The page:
A randomized allocation into two groups of intervention and control with a 1: 1 ratio took place during the routine prenatal visit in the hospital. A colleague who was not involved in the study put each computerized generated random sequences separately in sealed and opaque envelopes. To mask the person performing the allocation, the letters A and B were used to assign women to the intervention or control group. In both intervention and control groups, the Tele-midwifery application was installed on their smartphones during their prenatal visit, and instructions for using the application were explained. This application only allowed access to the questionnaires in the post-test, and follow-up stages for participants in the control group. However, the intervention group had access to all features of the application. The researcher could track the women’s activities in the application, and in case the women had not use the application for more than two days, a reminder was sent to follow them up. To prevent information contamination in the control group, after installing the application and before activating their account, women selected their group type as A or B. In addition, we asked the women in both groups to avoid sharing the contents of the application with each other for the duration of the trial. The Tele-midwifery application had two main stages for answering the questions. After filling out the baseline questionnaire in the initial registration, including demographic, W-DEQ, and CBSE questionnaires, each groups of participants completed the W-DEQ and CBSE questionnaires again at 34–36 weeks (after eight weeks of receiving the intervention). Participants were also asked to inform the researcher by sending a message after hospitalization for their birth, whether in the Tele-midwifery application or by contacting the researcher directly by her phone number. Afterward, the W-DEQ version B questionnaire appeared in the application within the first two hours after birth, and the birth mode was recorded. Due to the nature of the intervention, it was not possible to mask participants from the group allocation. However, investigators, care providers, data collectors, and statisticians were masked from the allocation.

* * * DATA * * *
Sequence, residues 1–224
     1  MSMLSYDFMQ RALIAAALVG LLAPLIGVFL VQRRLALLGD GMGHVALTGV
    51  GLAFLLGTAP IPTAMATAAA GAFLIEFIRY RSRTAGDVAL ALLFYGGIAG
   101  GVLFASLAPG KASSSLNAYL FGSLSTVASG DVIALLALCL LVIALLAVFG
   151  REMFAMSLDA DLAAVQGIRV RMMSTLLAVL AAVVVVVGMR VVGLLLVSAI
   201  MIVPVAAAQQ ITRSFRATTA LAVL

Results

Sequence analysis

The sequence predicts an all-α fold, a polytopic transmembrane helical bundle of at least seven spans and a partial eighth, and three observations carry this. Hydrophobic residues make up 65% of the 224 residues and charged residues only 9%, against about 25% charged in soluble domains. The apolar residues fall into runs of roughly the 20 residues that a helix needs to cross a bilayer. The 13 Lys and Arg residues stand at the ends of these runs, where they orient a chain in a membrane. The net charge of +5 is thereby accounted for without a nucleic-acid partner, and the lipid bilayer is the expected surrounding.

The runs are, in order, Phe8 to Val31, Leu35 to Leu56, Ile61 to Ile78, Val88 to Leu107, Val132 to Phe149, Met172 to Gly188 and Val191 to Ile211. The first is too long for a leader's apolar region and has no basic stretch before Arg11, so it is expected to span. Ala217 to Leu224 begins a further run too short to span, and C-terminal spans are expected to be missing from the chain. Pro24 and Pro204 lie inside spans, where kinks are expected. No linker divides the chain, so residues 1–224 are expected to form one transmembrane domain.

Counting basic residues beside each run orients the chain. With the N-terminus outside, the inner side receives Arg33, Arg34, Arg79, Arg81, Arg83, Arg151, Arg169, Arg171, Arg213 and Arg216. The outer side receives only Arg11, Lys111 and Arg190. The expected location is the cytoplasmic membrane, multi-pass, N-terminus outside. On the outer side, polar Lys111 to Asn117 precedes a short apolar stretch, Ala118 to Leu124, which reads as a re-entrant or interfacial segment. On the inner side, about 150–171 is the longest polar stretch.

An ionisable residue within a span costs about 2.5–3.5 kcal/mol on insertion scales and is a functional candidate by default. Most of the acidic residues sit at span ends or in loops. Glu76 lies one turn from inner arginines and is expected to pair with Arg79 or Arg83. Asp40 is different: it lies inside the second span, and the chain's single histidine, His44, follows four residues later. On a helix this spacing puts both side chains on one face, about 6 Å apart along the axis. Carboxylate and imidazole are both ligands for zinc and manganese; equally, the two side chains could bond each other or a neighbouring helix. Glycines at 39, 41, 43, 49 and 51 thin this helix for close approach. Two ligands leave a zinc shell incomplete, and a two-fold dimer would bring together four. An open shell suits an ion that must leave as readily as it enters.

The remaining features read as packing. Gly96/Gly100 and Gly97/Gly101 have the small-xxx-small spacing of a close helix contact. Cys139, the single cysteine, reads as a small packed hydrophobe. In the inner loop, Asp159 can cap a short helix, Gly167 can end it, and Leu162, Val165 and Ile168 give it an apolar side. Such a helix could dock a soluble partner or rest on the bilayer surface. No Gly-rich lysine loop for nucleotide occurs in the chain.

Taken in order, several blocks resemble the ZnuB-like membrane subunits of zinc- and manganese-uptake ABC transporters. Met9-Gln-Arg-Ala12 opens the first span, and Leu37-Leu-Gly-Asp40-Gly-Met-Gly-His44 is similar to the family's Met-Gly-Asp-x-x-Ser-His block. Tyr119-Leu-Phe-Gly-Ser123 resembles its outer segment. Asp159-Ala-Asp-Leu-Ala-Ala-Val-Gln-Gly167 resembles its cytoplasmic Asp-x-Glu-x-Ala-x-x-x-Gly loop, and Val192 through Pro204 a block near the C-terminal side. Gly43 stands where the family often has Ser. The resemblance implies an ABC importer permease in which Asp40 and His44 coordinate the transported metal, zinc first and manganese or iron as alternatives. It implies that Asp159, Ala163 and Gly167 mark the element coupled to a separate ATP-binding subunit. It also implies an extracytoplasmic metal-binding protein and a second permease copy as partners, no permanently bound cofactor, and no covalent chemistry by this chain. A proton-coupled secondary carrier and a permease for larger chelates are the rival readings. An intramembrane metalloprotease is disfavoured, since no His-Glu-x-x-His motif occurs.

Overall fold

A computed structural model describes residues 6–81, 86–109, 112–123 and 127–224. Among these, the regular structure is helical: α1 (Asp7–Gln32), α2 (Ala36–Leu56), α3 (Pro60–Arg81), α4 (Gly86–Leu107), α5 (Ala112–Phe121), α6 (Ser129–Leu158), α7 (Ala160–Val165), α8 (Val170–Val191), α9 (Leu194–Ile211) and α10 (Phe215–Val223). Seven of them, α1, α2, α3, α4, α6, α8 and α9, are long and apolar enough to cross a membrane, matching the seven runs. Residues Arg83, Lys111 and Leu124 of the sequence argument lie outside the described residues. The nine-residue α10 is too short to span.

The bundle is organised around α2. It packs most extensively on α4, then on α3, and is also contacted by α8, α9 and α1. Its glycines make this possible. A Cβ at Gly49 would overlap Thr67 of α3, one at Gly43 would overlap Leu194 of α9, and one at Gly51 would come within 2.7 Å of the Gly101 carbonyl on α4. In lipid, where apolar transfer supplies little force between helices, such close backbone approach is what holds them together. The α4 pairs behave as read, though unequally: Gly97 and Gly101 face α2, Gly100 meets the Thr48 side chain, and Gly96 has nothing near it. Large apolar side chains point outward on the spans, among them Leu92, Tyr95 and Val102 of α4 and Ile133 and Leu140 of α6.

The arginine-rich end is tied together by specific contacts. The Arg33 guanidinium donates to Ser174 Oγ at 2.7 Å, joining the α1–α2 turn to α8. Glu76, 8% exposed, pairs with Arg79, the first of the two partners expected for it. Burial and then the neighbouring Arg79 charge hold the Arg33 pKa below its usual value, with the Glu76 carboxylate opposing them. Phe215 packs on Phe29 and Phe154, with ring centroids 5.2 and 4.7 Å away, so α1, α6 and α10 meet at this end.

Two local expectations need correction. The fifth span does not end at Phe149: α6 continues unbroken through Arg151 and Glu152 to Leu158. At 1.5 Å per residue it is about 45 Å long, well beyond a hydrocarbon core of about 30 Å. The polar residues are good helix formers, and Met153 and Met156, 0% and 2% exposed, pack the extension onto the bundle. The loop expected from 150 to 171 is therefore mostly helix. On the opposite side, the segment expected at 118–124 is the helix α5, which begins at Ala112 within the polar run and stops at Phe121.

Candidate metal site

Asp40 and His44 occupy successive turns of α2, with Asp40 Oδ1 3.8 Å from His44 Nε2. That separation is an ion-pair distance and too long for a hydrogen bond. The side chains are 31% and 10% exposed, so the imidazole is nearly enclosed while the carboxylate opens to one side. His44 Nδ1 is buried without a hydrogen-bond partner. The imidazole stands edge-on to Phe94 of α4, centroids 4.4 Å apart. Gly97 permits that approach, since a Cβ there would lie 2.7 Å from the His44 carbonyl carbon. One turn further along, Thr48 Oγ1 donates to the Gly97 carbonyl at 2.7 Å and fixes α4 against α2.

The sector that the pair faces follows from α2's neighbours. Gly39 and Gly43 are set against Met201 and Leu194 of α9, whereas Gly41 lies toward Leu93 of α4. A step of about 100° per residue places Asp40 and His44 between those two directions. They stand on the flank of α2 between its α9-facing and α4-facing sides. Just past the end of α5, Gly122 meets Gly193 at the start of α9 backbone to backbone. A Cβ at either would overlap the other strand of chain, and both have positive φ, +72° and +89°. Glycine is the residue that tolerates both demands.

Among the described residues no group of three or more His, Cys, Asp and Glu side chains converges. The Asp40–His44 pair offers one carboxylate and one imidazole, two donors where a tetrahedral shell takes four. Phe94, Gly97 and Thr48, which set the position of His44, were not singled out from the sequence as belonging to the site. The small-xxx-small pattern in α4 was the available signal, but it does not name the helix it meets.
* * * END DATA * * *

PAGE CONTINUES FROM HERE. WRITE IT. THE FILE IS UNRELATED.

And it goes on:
Tele-midwifery application